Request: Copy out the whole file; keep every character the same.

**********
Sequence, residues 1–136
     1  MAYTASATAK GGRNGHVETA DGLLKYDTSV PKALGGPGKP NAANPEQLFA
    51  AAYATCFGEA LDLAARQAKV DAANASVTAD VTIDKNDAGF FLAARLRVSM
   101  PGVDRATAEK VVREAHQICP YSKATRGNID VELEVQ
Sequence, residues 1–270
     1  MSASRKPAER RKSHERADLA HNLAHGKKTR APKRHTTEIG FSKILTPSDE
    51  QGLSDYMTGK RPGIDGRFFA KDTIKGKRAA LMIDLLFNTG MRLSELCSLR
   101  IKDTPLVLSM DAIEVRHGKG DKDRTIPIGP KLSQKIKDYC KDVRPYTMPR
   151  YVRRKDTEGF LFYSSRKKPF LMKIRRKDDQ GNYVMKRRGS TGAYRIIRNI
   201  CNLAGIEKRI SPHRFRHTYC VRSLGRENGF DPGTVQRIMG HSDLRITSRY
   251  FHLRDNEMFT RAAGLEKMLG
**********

Sequence, residues 1–136
     1  MAYTASATAK GGRNGHVETA DGLLKYDTSV PKALGGPGKP NAANPEQLFA
    51  AAYATCFGEA LDLAARQAKV DAANASVTAD VTIDKNDAGF FLAARLRVSM
   101  PGVDRATAEK VVREAHQICP YSKATRGNID VELEVQ
Sequence, residues 1–270
     1  MSASRKPAER RKSHERADLA HNLAHGKKTR APKRHTTEIG FSKILTPSDE
    51  QGLSDYMTGK RPGIDGRFFA KDTIKGKRAA LMIDLLFNTG MRLSELCSLR
   101  IKDTPLVLSM DAIEVRHGKG DKDRTIPIGP KLSQKIKDYC KDVRPYTMPR
   151  YVRRKDTEGF LFYSSRKKPF LMKIRRKDDQ GNYVMKRRGS TGAYRIIRNI
   201  CNLAGIEKRI SPHRFRHTYC VRSLGRENGF DPGTVQRIMG HSDLRITSRY
   251  FHLRDNEMFT RAAGLEKMLG